How warehouses use inventory management? And how automation helps them?

A warehouse is a planned space for the storage and handling of goods and material. (Fritz Institute)

In general, warehouses are focal points for product and information flow between sources of supply and beneficiaries. Warehouse management is very complex. This is true to the degree that it’s a more focused and detailed system for the operations in a business’s warehouses. Management systems will typically divide warehouses into many compartments and bins, allowing specific items to be located in a specific area of the warehouse when needed.

Warehouse management is not just about locating items, however, it also quite controls what happens in the warehouse. For example what actions warehouse staff is taking and when, how items are storing and treating, and what processes are to be used for different items in the warehouse. Some systems integrate warehouse management software with equipment such as forklifts, packaging machines, and conveyor systems, making the warehouse even more streamlined and efficient.

In today’s fast and competitive world, delivering your products on time and with multiple channels can be pretty challenging. You receive continuous burden from numerous buyers and store locations. To handle a successful warehouse is not simple and easy. It is a challenge to keep up with inventory demands while monitoring the inventory process and the needs of your workers and your customers or buyers.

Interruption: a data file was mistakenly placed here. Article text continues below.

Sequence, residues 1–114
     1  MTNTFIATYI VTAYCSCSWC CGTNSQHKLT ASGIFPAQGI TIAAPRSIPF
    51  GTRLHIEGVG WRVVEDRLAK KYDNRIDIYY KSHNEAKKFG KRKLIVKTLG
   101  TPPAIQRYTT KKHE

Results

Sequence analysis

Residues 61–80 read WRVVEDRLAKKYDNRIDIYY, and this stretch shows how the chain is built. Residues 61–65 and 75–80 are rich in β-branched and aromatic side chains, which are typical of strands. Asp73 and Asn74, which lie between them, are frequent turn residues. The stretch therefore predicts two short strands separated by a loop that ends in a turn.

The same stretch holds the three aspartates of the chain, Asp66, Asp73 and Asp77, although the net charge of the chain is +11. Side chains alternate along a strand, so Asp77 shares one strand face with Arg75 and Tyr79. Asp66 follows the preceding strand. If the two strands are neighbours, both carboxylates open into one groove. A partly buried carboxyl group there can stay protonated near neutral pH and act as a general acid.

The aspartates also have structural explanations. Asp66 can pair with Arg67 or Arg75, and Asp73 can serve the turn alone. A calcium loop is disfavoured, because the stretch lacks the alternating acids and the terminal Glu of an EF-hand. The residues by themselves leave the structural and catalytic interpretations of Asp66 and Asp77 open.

Deprived of going into the disadvantages of inventory reduction and out of stock situation, but focusing on a businesses’ ability to fulfill all the requirements brought in by customers. This is why your business needs to have a proper inventory management practice, as things can quickly go wild if you’re not careful managing the inventory process. With that in mind, here you have some of the best ideas that will make warehouse inventory management run smoothly.

Important Procedures of Warehouse

You should know about some important procedures of how the activities in the warehouse should be carried out and clearly defines the processes to be adopted. These can be adopted as ‘best practice’.

The procedures will normally provide the step by step guidance on how to manage each aspect of warehousing and may cover:

  • receiving and issuing of supplies;
  • quality control or verification;
  • storage of goods;
  • how to control stock movement (stock control);
  • documentation flow;
  • how to detect and deal with stock losses;
  • how rejected material will be managed; and
  • how to deal with unwanted material, obsolete and scrap, disposal.

These important procedures are critical to the overall accuracy of your company’s inventory and for the warehouse. And without any doubt no warehouse system cannot be run successfully without an automation.

Make sure inventory reaches the shelf in the shortest amount of time; “out of stocks” are significantly reduced. Looking that electronic put away orders to provide exact location and in most efficient route. Rapidly scanning location labels to ensure items are put-away correctly. Conducting inventory in real-time is also very important for the warehouse management. Performing quick and accurate cycle counts are crucial. Removing motion, waiting and transportation waste.

Automating your warehouse systems makes a huge impact

Your operations are growing and your labour costs are increasing. Management wants you to do more with the same amount of money (or less) next year. You need to find ways to keep costs down while improving your operations at the same time. What can you do?